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Artikel von Udo Grashoff

Legitimation, Repression und Kooptation in der DDR

TD: Jahrgang 9, Heft 2012, 1, Seite 123–146

Abstract / Volltext

Es folgt die Zusammenfassung in englischer Sprache following the article short description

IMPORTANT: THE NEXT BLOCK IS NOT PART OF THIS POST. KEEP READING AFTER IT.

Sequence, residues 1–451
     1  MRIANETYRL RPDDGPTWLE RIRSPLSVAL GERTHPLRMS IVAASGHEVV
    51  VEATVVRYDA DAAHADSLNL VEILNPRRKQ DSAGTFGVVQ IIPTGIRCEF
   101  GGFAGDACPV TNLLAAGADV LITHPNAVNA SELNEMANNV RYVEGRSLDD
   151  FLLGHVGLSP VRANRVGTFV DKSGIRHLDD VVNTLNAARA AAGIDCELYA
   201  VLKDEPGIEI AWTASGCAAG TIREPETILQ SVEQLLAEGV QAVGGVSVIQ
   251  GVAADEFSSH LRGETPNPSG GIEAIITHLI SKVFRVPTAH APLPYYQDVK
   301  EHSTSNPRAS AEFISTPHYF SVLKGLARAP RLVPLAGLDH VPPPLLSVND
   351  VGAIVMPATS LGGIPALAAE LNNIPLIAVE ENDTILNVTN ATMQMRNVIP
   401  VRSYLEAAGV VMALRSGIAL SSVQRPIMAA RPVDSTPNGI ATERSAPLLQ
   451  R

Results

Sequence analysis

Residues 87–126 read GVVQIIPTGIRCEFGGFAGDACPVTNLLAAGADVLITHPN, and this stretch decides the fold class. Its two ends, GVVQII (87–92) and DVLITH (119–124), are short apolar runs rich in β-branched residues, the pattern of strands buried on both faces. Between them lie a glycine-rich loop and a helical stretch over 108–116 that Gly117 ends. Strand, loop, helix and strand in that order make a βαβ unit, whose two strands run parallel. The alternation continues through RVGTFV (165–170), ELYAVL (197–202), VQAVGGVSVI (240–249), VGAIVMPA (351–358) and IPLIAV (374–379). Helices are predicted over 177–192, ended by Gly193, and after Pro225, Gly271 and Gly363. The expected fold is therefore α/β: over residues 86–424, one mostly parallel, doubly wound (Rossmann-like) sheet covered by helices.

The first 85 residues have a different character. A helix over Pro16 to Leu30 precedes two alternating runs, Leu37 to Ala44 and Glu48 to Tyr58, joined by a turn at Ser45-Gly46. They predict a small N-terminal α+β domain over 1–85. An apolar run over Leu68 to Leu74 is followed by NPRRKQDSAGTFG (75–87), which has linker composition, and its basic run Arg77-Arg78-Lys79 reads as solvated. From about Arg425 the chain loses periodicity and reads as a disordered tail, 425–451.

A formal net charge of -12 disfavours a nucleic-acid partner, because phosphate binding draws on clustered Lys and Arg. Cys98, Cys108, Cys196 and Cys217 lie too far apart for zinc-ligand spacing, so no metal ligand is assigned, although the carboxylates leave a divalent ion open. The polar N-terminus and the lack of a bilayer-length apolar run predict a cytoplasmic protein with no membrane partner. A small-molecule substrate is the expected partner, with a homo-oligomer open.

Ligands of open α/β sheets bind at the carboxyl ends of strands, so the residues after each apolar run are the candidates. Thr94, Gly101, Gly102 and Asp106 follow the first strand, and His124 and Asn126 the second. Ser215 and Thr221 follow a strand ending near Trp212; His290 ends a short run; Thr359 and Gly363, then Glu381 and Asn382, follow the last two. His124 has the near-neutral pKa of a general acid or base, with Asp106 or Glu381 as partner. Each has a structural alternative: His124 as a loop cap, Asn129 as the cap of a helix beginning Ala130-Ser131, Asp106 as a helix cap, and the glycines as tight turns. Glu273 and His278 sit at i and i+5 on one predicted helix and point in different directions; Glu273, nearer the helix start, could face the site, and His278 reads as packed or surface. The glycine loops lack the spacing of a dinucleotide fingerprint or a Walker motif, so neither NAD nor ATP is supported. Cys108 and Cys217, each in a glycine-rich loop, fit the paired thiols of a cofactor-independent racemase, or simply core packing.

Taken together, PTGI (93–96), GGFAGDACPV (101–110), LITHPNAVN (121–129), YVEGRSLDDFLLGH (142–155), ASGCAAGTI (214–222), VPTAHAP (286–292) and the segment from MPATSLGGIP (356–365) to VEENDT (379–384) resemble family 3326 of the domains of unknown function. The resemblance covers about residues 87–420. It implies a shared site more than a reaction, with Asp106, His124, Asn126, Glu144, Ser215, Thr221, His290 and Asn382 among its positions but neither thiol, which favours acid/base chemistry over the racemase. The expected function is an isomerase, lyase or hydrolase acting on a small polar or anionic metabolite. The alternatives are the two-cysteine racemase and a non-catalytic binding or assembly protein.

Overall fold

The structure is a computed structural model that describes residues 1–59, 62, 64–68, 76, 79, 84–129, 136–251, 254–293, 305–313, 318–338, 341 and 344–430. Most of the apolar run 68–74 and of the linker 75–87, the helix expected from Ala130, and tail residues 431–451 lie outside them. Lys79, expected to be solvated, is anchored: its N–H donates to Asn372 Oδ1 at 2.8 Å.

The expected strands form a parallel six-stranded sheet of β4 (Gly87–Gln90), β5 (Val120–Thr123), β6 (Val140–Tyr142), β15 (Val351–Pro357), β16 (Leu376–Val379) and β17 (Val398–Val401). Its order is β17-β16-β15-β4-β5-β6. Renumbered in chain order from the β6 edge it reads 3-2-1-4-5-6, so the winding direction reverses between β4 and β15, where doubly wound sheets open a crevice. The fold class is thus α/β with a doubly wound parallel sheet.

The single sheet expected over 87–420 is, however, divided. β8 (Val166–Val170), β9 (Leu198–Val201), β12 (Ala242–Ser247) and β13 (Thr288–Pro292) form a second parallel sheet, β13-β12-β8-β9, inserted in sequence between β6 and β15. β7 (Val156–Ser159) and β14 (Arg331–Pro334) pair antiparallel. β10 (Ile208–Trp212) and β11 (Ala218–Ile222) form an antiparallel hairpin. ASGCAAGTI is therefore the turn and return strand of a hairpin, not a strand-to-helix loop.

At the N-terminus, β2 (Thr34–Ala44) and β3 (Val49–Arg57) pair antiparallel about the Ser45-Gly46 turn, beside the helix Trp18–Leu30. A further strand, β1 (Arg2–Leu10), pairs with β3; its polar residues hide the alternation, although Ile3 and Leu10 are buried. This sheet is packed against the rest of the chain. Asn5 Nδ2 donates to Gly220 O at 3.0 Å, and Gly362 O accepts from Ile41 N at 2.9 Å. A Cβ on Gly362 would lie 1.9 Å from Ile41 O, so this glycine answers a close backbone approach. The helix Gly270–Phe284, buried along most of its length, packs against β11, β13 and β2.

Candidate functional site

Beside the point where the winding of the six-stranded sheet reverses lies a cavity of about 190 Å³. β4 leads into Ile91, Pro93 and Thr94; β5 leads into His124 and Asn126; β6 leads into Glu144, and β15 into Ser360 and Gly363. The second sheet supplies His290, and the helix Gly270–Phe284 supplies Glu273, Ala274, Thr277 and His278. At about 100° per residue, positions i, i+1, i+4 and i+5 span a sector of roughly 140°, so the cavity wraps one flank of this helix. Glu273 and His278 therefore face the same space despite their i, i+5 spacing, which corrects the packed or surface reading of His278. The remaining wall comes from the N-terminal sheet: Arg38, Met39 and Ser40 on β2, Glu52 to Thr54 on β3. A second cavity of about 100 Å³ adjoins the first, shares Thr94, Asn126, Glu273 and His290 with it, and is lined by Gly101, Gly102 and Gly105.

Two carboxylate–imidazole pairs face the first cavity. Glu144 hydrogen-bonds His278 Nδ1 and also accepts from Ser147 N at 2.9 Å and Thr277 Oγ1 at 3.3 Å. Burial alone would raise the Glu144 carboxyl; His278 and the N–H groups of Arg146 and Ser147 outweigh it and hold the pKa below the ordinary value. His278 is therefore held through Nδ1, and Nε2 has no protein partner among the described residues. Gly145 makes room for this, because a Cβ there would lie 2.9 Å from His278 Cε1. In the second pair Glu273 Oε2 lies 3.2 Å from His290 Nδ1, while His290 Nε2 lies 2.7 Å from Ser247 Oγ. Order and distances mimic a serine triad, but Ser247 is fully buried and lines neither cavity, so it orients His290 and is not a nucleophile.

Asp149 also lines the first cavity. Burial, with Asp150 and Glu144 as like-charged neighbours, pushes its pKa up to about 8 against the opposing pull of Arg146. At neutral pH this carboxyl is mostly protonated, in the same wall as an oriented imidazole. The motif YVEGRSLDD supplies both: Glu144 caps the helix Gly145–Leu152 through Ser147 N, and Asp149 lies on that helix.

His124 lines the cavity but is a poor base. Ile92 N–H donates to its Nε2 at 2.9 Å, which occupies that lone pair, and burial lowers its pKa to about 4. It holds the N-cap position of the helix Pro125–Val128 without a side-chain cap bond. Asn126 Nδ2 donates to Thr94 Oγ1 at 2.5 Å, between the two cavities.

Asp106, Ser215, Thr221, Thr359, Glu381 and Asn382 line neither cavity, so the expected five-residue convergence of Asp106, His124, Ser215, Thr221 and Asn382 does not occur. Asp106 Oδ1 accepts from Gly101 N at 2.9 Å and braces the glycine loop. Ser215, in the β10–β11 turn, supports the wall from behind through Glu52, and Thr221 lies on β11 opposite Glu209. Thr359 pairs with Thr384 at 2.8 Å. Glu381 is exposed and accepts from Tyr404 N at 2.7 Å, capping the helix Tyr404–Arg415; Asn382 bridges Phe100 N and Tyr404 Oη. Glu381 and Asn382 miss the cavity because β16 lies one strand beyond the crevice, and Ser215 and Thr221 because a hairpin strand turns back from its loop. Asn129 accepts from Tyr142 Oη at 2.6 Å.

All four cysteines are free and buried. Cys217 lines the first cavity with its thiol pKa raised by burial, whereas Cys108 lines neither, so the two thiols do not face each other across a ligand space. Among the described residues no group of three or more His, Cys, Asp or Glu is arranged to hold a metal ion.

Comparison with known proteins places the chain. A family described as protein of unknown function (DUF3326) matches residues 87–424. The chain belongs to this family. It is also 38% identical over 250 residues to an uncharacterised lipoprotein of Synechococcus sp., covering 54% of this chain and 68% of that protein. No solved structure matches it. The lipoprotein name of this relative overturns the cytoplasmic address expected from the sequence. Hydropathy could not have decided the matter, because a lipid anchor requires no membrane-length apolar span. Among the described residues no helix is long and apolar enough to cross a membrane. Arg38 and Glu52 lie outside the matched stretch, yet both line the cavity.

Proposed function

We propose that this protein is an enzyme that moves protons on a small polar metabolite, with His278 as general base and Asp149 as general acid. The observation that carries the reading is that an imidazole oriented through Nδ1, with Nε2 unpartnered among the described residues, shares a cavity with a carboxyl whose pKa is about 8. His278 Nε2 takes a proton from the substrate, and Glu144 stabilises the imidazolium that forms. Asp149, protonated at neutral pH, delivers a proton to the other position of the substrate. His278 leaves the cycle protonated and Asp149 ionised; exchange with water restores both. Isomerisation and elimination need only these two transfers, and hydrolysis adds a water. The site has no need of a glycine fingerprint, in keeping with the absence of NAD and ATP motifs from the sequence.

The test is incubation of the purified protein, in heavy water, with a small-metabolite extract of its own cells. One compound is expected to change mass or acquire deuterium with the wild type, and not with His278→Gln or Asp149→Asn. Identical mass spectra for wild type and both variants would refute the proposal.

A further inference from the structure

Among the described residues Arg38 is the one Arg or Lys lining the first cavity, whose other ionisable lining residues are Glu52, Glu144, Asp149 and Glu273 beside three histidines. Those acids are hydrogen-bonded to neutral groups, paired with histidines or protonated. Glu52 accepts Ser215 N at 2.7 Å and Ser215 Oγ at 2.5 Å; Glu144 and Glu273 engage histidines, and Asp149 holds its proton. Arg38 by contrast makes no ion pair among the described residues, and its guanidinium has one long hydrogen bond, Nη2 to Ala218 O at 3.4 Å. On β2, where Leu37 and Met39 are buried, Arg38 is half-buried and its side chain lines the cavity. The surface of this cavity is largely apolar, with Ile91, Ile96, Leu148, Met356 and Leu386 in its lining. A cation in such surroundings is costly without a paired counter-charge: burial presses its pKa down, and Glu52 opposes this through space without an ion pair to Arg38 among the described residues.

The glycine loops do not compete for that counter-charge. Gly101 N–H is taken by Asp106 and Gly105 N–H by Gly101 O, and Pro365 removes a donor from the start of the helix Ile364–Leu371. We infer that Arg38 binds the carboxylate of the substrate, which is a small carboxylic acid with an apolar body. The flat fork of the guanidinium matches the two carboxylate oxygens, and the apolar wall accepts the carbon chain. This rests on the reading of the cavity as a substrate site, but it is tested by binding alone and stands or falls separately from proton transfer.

The communist party in the German Democratic Republic claimed governmental legitimacy for being the builder of an antifascist state on the way to communism. The simulation of parliamentarism also played a role and, for a short period of time in the 1960s, the cooptation of technocrats as well. In the 1970s and 1980s the most important part of legitimacy was derived from the welfare policy under Erich Honecker. At no time was the political system stable without a considerable amount of repression. In the Soviet Occupation Zone and the early GDR repression was characterized by Stalinist terror : internment camps, military courts, and harsh punishment. Rigorous repression in 1952/53 and 1960/61 was connected to the attempts to accelerate the socialist revolution ( normative legitimacy ). From 1949 to 1989 a gradual mitigation of repression took place, but not steadily. Relaxation in the watersheds such as in 1956, 1963, and 1971 came to a halt in 1960, 1965, and 1976 ff. Never­theless, more lenient times of repression brought irreversible mitigations. Especially in the 1970s and 1980s open terror was replaced by less visible forms of repression. Cooptation of non - communists played a marginal role in the history of the GDR. In the early phase it was nothing but a phase - out model. Later on cooptation was by and large a recruitment process under the control of the SED, which generated a rather homogenous elite selected by its fidelity to the socialist state.